TL;DR: Dubbed the accidental hacker hero in helping to stop the WannaCry ransomware plague back in 2017, Marcus Hutchins was sentenced today to one year of supervised release for his role in developing the UPAS Kit backdoor and Kronos banking malware.
Hacker Hero Spared Prison Time in UPAS Kit, Kronos Malware Case
Four months after being lauded a hero for accidentally stopping the spread of WannaCry malware by registering a domain name (which acted as a kind of killswitch), Hutchins was indicted on malware problems of his own. WannaCry, however, was blamed on North Korea and spread around the world, forcing giant government services and businesses offline for ransom to be paid in bitcoin. Hutchins stepped out from cheers of thanks and into the waiting arms of federal agents.
Hutchins, a British citizen, was soon after arrested in Las Vegas trying to board a flight back after a popular cybersecurity conference, DefCon. Officials alleged he’d developed banking malware, called Kronos, that snaps up account information from infected browsers. They also believed he was responsible for yet another piece of backdoor malware, UPAS Kit. At least in the Kronos case, authorities claimed, Hutchins had indeed profited.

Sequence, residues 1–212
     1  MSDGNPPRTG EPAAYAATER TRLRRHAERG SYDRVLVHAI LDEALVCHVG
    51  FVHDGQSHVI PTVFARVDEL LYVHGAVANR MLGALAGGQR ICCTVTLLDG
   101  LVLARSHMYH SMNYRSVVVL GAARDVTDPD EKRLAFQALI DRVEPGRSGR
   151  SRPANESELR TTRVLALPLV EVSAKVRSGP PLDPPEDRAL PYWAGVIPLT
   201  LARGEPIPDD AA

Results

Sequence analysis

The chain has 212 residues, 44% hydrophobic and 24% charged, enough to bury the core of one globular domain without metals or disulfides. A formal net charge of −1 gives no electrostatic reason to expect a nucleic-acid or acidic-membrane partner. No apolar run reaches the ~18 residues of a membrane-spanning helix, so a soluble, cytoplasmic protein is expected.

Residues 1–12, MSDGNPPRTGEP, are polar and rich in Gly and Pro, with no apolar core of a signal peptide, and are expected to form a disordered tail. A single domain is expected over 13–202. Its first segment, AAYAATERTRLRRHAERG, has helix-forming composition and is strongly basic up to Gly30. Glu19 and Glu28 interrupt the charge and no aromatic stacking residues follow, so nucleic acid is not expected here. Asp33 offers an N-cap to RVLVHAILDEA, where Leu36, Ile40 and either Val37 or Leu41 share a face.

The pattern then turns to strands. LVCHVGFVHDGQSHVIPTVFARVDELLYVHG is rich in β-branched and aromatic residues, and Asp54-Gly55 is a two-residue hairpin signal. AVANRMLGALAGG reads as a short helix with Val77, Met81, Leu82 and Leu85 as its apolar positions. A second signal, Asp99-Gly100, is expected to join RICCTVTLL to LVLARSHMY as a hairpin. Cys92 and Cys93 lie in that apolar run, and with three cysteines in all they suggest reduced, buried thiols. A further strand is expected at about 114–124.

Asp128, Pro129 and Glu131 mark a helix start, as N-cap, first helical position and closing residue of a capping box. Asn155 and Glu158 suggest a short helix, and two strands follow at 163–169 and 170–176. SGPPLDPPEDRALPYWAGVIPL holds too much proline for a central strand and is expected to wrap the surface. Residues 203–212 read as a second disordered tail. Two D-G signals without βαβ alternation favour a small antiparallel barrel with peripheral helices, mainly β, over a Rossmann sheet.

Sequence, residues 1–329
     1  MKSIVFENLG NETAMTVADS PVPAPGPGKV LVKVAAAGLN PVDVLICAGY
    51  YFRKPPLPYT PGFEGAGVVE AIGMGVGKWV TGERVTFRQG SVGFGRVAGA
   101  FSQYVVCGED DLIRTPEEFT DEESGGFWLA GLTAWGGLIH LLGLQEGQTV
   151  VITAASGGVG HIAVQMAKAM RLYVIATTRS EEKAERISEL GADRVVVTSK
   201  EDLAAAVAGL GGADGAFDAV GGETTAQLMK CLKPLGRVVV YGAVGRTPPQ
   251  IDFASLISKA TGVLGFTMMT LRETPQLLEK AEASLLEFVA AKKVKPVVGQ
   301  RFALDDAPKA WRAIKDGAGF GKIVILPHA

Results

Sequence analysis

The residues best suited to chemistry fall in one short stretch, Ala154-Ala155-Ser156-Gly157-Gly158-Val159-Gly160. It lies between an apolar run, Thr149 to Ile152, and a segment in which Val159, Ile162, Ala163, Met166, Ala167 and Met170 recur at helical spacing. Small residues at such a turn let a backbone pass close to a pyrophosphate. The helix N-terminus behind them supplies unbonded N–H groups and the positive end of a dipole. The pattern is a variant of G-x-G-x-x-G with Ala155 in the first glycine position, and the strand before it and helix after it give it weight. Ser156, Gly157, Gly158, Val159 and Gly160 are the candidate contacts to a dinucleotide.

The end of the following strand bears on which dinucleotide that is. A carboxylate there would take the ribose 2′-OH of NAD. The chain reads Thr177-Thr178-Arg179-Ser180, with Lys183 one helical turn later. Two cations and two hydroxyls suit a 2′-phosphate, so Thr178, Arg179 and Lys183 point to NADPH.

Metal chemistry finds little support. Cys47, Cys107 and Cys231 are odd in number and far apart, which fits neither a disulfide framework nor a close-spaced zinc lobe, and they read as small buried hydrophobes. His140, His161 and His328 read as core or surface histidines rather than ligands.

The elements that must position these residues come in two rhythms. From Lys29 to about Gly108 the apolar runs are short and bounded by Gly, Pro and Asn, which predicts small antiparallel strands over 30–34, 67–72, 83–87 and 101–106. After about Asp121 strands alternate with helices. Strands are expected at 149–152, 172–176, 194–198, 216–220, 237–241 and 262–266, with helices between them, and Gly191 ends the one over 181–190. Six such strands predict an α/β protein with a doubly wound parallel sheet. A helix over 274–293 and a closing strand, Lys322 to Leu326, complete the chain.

After some protestations to the contrary, he eventually pled guilty to making and selling the malware, and in return more than half a dozen other related charges were dropped. Hutchins faced 10 years in prison and a half million dollar fine. A federal court judge in Milwaukee today, according to TechCrunch, took into account Hutchins’ good work in the WannaCry affair along with his contrition, sentencing the now 25-year-old to time served with a year of supervisory release.
In recent months, Hutchins has taken to acting as a kind of hacking instructor by the name of MalwareTech, streaming his work, offering hints and tips for better security. The judge took notice, “It’s going to take the people like [Hutchins] with your skills to come up with solutions because that’s the only way we’re going to eliminate this entire subject of the woefully inadequate security protocols,” TechCrunch quoted.
DISCLOSURE: The author holds cryptocurrency as part of his financial portfolio, including BCH.
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